For the first time in WIAA boys hockey history, the teams will split into two divisions and two state champs will be crowned on March 7, 2020.
Last week, the WIAA released boys hockey assignments for what will be a two-year experiment, with 51 teams beginning play in Division 1, while 32 squads will challenge in Division 2.
According to WIAA assistant director Tom Shafranski, responsible for administration of the sport of hockey, the 'bottom' 32 teams were set by school enrollment.
"The 32 teams in D2 were determined by school administrators because that is the minimum that provides a full bracket," noted Shafranski.
There were a quartet of notable teams that could have 'opted up' to D1 or to stay in D2: Madison Edgewood, Superior, University School, and Notre Dame.
Of those four, only Superior elected not to opt up to the upper division.
"Any WIAA school team has the option to opt up in each sport," said Shafranski. "In this case, Superior chose not to for the 2020 WIAA Boy’s Hockey Tournament series."
Defending state champion University School coach Jason Woods says opting up was the 'obvious choice' for their program.
"First, we feel confident that our program belongs playing at the highest level allowable," Woods said. "We pride ourselves on seeking out and competing well against the toughest and highest level of competition. Second, it was very apparent from the get go that there was a strong desire from our Alumni to opt up."
Madison Edgewood coach Pete Rothering thought D1 was a 'better fit competitively.'
"We work hard to schedule as tough a schedule as we can every year to expose our kids to the best competition we can. Of course winning at that level isn't easy but I don't think winning championships is supposed to be easy."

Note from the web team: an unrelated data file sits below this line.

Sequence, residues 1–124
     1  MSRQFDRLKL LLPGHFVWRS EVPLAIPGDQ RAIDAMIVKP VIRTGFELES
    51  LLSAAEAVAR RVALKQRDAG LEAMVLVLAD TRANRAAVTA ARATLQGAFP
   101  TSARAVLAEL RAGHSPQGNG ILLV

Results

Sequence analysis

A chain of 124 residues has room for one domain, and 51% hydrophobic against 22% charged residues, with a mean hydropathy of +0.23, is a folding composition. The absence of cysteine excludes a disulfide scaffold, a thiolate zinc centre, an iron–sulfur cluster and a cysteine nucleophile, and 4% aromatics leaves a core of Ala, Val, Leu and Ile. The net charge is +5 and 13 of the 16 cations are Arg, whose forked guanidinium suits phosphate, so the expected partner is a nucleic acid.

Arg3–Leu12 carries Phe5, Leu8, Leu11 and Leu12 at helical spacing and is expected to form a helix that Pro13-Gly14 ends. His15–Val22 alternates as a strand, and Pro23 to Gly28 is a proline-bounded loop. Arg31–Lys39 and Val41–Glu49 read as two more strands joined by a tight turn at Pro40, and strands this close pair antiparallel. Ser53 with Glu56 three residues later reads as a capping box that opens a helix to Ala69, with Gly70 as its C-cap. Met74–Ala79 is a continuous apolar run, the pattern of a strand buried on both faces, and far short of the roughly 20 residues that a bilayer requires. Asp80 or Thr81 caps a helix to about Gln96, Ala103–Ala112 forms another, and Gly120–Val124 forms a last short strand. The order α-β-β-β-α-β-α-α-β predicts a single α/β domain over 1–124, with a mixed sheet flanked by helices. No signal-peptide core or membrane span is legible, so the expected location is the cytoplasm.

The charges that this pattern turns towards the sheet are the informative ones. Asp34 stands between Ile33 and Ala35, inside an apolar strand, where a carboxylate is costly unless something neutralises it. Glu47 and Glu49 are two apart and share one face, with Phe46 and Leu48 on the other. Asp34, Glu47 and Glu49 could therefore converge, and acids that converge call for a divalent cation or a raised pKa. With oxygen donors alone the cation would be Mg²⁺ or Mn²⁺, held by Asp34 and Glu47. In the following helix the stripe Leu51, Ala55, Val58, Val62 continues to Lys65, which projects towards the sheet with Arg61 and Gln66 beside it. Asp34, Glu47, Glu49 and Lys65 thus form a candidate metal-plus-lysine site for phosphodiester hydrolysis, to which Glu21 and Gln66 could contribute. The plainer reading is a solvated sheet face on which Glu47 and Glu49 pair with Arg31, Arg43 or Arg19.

Notre Dame Academy used feedback from alumni, current players, staff, and administration.
Coach Cory McCracken said, "We made a decision that we felt was in line with the competitive makeup of our program. This decision has way more depth to it than just competing for a state championship; future scheduling, non-conference scheduling, player development and other pieces all factor in."
In previous years, the Wisconsin Hockey Coaches Association (WHCA) had lobbied with the WIAA in hopes of getting two division play, but the plan was for eight teams in D1 and four in D2.
Instead they got 'four and four' from the WIAA, at least for the next two seasons.
"With two boy’s divisions now in place and one girl’s division, this becomes a logistical issue," stated Shafranski. "On Thursday and Friday, two sessions with two games per day is the maximum number of sessions and games we can fit into the State Hockey tournament."
How about having the boy's and girl's tournaments separate, at different facilities?
"Title IX equity issues and the lack of another suitable facility prevent splitting up the tournament," Shafranski noted. "Common violations in Title IX court cases and Office of Civil Rights settlement agreements specifically identify differences between the facilities provided to girl’s program as compared to the boy’s program."
LaBahn Arena in Madison, home of the UW women's team, has a capacity of almost 2,300 and would be large enough for the girl's tournament.
Another alternative is to hold the boy's and girl's tourneys on back-to-back weekends at the Clamshell (Alliant Energy Center).
A third option, although one that is a little bit of a 'blue sky' idea, is to convince the owner/developer of the 'Just a Game' franchise in Wisconsin Dells to add another one for hockey. A 5,000 seat arena with two or three sheets would not only be acceptable for the state tournament series, but could host other events, like WAHA tournaments, Central District events, and perhaps even USA Hockey Nationals.
There is plenty of room south of town and a huge site could provide plenty of parking. Plus, the Dells could use the hotel traffic in the winter time.
See? A 'win/win' for all involved.